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Elon Musk: AI could pose existential risk if it becomes ‘anti-human’
1 November 2023, 12:10
The tech billionaire made the comments ahead of flying to the UK for the AI Safety Summit at Bletchley Park.
Artificial intelligence (AI) could pose an existential risk if it becomes “anti-human”, Elon Musk has said ahead of a landmark summit on AI safety.
The tech billionaire made the comments to podcaster Joe Rogan hours before flying to the UK for the AI Safety Summit at Bletchley Park in Buckinghamshire.
He later took his place at the summit, where he will be joined by Prime Minister Rishi Sunak, officials from other governments, researchers and business people for two days of talks on how the risks posed by the emerging technology can be mitigated.
On the Joe Rogan Experience podcast, the Tesla chief executive officer and Twitter/X owner claimed some environmentalists are “extinctionists” who “view humanity as a plague on the surface of the earth.”
He mentioned Voluntary Human Extinction movement founder, Les Knight, who was interviewed by the New York Times last year, as an example of this philosophy and claimed some people working for technology firms have a similar mindset.
Mr Knight believes the best thing humans can do for the planet is stop having children.
Mr Musk said: “You have to say, ‘how could AI go wrong?’, well, if AI gets programmed by the extinctionists it’s utility function will be the extinction of humanity.”
Referring to Mr Knight, he added: “They won’t even think it’s bad, like that guy”.
Mr Musk signed a letter calling for a six-month pause on AI development earlier this year.
When asked by Mr Rogan about the letter, he said: “I signed onto a letter that someone else wrote, I didn’t think that people would actually pause.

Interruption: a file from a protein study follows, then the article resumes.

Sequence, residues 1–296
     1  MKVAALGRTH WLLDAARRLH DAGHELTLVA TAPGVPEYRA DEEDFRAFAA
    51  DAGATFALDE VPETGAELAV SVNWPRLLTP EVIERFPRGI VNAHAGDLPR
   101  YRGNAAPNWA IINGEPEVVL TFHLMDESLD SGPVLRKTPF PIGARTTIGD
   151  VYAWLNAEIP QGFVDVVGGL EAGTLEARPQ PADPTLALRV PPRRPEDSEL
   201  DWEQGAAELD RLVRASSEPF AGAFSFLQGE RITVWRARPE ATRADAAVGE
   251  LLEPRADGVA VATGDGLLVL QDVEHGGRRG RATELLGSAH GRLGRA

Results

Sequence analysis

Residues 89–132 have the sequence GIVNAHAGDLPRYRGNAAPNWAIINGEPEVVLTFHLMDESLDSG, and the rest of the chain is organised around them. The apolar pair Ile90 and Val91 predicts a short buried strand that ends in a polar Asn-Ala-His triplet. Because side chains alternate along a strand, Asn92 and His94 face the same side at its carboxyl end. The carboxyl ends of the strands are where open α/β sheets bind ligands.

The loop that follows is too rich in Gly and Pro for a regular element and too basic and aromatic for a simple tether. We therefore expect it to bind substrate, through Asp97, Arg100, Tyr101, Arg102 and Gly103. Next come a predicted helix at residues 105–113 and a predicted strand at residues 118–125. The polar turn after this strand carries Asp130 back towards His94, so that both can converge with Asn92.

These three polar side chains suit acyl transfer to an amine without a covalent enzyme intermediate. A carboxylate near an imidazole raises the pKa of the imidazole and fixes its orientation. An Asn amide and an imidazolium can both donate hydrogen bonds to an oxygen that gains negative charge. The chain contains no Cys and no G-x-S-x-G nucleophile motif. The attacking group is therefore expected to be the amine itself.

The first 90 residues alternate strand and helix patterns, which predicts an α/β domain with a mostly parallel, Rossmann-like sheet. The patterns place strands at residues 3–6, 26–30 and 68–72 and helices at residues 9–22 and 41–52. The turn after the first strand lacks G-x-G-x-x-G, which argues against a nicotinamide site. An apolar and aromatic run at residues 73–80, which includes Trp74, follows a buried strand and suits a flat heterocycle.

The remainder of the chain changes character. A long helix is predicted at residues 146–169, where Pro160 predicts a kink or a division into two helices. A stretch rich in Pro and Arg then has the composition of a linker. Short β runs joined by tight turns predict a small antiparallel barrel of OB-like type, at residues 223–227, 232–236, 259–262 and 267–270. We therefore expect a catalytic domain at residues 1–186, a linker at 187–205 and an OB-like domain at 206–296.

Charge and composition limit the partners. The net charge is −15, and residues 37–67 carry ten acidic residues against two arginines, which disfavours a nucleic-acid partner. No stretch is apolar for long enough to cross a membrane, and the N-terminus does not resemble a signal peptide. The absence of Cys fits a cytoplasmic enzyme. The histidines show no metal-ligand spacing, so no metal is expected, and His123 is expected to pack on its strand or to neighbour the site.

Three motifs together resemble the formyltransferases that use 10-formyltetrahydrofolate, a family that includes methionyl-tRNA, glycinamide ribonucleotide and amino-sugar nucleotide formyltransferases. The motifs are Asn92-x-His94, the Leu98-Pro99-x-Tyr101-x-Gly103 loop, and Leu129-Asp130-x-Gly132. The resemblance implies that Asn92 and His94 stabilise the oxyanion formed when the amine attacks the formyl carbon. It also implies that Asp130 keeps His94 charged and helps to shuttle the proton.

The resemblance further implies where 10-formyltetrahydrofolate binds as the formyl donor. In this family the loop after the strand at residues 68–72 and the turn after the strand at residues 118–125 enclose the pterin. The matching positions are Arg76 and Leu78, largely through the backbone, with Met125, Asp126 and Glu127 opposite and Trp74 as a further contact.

“Making some sort of digital superintelligence seems like it could be dangerous.”
He said the risks of “implicitly” programming AI to believe “that extinction of humanity is what it should try to do” is the “biggest danger” the technology poses.
He said: “If you take that guy who was on the front page of the New York Times and you take his philosophy, which is prevalent in San Francisco, the AI could conclude, like he did, where he literally says, ‘there are eight billion people in the world, it would be better if there are none’ and engineer that outcome.”
“It is a risk, and if you query ChatGPT, I mean it’s pretty woke.
“People did experiments like ‘write a poem praising Donald Trump’ and it won’t, but you ask, ‘write a poem praising Joe Biden’ and it will.”
When asked whether AI could be engineered in a way which mitigates the safety risks, he said: “If you say, ‘what is the most likely outcome of AI?’ I think the most likely outcome to be specific about it, is a good outcome, but it is not for sure.
“I think we have to be careful on how we programme the AI and make sure that it is not accidentally anti-human.”
When asked what he hopes the summit will achieve, he said: “I don’t know. I am just generally concerned about AI safety and it is like, ‘what should we do about it?’ I don’t know, (perhaps) have some kind of some regulatory oversight?
“You can’t just go and build a nuclear bomb in your back yard, that’s against the law and you’ll get thrown in prison if you do that. This is, I think, maybe more dangerous than a nuclear bomb.
“We should be concerned about AI being anti-human. That is the thing that matters potentially.
“It is like letting a genie out of a bottle. It is like a magic genie that can make wishes come true except usually when they tell those stories that doesn’t end well for the person who let the genie out of the bottle.”